Regarding the admiration or disdain which was had for the white-collar professions, nothing is clear; in a certain sense the notables and philosophers disdained salaried workers, and many professionals were salaried; that which alleviated their position slightly was to be the client of someone notable, by which, theoretically, they ceased to be salaried. Nevertheless, many emperors, whose occupation was to be the guardian, or tutor of the totality of the Roman people, effectively protected the work of the people, whether by providing them the resources, or looking after their interests (like Augustus), or rejecting the use of machines for constructions (like Vespasian with the Colosseum). In addition, the disdain for work was not characteristic of the whole Empire; in other places, it was admired, like in Pompey or in Africa, where rich traders verbally announced their profession, or even better, wrote it on their epitaph (an always fairly expensive signal of wealth).
The elevation of work was the pride of the middle class, which was by no means the majority but were much more wealthy than the plebeians and at times as rich as the nobles; the middle class was mainly made up of freedmen who had found in production and trade a way to start a family dynasty (their children were born free): bakers, butchers, sellers of wine or of clothing, at times rich but without possessing urban nobility. The wealthy freedmen knew how to read and write, and went to school up to twelve years old. Saint Paul was a representative of said middle class, son of a tent maker, he dedicated his work to Corinthian disciples of the same class.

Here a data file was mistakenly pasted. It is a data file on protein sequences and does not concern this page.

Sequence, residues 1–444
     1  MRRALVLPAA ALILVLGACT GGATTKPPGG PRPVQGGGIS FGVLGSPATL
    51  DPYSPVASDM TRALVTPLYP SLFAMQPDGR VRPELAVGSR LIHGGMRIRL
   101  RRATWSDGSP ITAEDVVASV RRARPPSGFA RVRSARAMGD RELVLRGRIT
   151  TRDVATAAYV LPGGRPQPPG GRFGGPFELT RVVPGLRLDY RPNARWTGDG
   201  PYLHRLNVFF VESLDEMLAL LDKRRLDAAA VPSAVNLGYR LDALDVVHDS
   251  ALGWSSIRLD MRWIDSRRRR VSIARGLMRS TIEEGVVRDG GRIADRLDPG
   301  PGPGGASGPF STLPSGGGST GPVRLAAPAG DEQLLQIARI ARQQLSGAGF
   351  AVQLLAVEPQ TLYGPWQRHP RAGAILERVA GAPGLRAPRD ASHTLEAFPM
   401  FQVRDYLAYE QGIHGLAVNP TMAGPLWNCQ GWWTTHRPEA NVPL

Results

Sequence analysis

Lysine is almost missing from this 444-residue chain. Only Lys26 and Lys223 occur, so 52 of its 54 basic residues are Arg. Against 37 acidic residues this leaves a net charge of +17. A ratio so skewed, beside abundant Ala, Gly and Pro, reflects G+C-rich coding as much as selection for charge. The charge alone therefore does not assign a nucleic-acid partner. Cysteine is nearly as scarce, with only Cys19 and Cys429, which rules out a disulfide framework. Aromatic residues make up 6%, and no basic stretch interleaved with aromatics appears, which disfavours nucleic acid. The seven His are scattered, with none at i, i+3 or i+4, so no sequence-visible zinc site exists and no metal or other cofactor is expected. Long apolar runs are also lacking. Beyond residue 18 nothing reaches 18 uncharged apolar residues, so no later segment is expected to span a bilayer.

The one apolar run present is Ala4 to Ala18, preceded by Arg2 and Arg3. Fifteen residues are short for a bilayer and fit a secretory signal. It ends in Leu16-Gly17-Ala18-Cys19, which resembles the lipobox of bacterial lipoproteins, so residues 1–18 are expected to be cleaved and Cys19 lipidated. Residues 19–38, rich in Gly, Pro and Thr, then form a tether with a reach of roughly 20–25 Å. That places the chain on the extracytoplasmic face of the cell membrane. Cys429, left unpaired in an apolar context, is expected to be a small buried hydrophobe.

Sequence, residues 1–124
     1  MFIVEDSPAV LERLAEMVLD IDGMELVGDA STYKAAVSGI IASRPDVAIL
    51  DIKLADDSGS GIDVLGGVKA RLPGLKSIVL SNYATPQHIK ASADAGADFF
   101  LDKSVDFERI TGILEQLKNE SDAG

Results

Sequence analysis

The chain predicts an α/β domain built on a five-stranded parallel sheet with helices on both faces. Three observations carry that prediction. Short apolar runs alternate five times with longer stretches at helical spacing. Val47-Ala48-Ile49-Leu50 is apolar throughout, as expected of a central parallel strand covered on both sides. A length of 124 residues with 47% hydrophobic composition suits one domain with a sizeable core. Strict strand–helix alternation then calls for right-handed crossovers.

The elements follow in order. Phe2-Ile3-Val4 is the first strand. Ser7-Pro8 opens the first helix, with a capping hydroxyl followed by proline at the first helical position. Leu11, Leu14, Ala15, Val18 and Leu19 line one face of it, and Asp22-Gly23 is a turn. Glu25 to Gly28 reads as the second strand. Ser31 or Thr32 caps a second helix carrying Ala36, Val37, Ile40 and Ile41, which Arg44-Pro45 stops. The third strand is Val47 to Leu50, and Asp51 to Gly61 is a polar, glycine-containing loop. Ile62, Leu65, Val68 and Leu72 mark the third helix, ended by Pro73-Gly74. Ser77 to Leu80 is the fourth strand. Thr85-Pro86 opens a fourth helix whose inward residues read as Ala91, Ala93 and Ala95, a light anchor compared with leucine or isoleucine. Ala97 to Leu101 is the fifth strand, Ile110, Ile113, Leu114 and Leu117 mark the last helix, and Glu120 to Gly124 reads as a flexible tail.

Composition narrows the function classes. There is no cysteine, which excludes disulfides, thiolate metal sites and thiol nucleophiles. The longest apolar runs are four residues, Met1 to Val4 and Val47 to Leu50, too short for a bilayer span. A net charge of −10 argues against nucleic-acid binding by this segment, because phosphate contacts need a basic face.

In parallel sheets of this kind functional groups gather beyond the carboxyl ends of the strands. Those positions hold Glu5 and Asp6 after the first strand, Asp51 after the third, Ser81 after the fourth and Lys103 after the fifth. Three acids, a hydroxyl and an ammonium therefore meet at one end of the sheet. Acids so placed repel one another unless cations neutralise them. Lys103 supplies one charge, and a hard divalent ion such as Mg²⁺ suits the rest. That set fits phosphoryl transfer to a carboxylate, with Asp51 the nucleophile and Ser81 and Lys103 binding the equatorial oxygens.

In antiquity, a baker, a butcher or a trader were not simple storekeepers but rich plebeians, with accumulated capital and slaves who worked for them. The Roman plebeians were composed of three economic classes: that which lived day by day and had to be content with minimal food; the poor storekeepers and traders without capital who buy today to sell tomorrow; and finally the rich traders with enough capital saved up to buy wholesale or with the capacity to store their products, without being a large wholesaler. Even in Pompey, the differences between the rich shopkeepers and the poor are noticed; the last lived in the attic of the business, climbing a short stairway, while the first owned large and splendid houses, a Domus with a courtyard five hundred square meters in surface area.
The historian states in conclusion that the Romans did not disdain work, but those who were obligated to work in order to survive, and that therefore it is an error to say that the old sages disdained utility or the practical applications of the constructions produced by work.
Work facing the development of Christianity
With the appearance and diffusion of Christianity throughout the Roman Empire, the classical social and political structures would be overturned in diverse aspects. Thus, in its vision of work, Christianity acts from a transformation in depth and is distinguished from the classical pagan vision linking the necessary productive activity to the men with a divine obligation. In the Christian doctrine of original sin, work is found as one of the punishments inflicted by God on men, due to Adam’s disobedience: “By the sweat of your brow you will eat bread.”